Oil prices were mixed in Asia on Friday, but retained support near a nine-month peak as dealers track the unfolding sectarian conflict in Iraq fearing it could cause a major supply disruption.
Brent crude for August eased 15 cents to $114.91 in mid-morning trade, after rallying to $115.06 in London, its highest since early September.
The US benchmark, West Texas Intermediate for July delivery, rose 26 cents to $106.69.
“Oil saw support from the risk of conflict in Iraq disrupting oil supplies, as the US said it would send military advisers to the country,” Singapore's United Overseas Bank said in a note.
US President Barack Obama on Thursday announced that he was ready to send 300 advisers to Iraq and if necessary to take “targeted” and “precise” military action to counter radical Sunni fighters.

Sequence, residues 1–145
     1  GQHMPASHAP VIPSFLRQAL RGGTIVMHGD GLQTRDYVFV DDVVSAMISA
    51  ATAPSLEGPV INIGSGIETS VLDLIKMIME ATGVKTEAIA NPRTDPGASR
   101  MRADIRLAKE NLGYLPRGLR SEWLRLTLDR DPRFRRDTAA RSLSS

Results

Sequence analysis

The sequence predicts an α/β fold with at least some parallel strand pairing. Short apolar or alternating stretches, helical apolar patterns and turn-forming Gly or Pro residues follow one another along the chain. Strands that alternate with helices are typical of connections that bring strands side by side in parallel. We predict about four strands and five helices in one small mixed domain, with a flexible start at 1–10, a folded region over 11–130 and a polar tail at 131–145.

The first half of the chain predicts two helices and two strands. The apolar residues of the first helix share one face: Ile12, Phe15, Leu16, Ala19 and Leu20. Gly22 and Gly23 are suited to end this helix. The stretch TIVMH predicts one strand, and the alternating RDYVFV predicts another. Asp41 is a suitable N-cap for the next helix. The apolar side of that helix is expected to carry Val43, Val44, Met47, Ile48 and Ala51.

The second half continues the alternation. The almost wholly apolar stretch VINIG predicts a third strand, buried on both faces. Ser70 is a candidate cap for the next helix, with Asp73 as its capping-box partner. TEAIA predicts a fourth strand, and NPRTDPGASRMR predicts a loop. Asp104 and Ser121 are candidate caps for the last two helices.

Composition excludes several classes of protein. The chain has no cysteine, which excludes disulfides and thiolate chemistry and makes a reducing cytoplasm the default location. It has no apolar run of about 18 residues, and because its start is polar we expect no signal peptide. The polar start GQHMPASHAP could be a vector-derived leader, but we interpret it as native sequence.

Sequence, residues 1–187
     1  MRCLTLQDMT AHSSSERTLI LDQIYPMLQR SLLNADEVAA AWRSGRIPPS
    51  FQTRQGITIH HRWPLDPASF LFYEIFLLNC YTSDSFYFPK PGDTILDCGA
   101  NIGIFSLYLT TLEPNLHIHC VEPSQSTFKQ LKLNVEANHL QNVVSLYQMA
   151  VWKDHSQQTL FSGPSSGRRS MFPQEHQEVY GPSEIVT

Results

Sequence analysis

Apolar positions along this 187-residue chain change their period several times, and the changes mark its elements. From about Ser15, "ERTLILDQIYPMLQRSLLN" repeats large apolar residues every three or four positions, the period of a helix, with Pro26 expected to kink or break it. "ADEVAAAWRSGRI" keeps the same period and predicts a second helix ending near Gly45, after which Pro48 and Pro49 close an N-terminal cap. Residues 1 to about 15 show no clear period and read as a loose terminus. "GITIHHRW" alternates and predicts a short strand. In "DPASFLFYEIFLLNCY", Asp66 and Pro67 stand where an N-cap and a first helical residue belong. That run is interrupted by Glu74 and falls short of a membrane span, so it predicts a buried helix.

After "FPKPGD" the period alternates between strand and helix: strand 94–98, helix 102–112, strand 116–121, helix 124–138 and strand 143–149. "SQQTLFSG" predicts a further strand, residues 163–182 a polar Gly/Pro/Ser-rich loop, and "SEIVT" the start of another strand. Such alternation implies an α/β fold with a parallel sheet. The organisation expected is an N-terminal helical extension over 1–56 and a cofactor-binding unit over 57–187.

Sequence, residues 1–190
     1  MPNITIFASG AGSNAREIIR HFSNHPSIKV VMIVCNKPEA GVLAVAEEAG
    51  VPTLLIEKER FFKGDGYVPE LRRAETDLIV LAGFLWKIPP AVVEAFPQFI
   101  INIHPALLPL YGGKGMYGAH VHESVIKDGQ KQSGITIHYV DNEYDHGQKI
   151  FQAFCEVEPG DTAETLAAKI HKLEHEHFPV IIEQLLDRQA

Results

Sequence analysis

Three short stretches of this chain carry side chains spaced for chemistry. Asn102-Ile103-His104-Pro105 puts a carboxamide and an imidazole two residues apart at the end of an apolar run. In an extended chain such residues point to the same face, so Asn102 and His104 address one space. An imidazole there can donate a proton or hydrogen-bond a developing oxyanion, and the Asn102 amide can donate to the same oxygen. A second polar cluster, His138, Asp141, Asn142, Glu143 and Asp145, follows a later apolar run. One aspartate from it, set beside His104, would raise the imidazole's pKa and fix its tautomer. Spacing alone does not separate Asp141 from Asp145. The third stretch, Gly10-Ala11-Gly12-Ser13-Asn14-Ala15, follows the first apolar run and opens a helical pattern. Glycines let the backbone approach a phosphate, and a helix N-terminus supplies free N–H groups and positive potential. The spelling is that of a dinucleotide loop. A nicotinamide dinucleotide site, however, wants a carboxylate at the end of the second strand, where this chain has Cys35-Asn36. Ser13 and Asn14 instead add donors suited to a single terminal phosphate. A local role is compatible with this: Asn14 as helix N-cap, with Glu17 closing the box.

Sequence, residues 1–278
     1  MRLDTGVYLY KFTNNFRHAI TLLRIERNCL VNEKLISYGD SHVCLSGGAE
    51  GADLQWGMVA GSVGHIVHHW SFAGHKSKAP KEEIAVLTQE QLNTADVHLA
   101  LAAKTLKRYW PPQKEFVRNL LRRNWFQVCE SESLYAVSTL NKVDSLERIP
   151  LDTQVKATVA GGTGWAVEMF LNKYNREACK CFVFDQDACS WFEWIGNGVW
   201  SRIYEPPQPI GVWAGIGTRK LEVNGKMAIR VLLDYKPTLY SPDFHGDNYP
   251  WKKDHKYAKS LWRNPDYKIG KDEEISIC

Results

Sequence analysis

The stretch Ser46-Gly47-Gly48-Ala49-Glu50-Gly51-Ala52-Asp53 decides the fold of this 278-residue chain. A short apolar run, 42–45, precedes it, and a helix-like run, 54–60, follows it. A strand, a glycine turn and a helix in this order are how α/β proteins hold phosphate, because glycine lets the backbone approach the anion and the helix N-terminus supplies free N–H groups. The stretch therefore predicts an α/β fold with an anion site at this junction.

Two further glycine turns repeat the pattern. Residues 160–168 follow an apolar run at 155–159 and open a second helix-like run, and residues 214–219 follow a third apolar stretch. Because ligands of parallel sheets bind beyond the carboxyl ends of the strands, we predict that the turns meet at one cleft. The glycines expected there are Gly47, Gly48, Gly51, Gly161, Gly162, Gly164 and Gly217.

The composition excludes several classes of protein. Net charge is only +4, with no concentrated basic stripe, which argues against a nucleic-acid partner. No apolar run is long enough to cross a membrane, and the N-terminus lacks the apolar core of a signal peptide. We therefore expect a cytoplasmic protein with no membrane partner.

“We will help Iraqis as they take the fight to terrorists who threaten the Iraqi people, the region and American interests as well,” he said.
Washington has already positioned an aircraft carrier in the Gulf and is also considering using drone strikes against the militants.
A Congressional source has said US Secretary of State John Kerry will travel to Iraq “soon”.
The militants have captured swathes of the country's north but have yet to directly threaten the key oil-producing region in the south.
The crisis has rocked the global oil market because Iraq is the second-biggest producer within the 12-nation Organisation of Petroleum Exporting Countries (Opec).
The country has more than 11 percent of the world's proven resources and produces 3.4 million barrels a day.
Aside from concerns about Iraq, French bank Credit Agricole said “the market today should be relatively quiet heading into the weekend” with no significant data release and the conclusion of a key US central bank meeting. - Sapa-AFP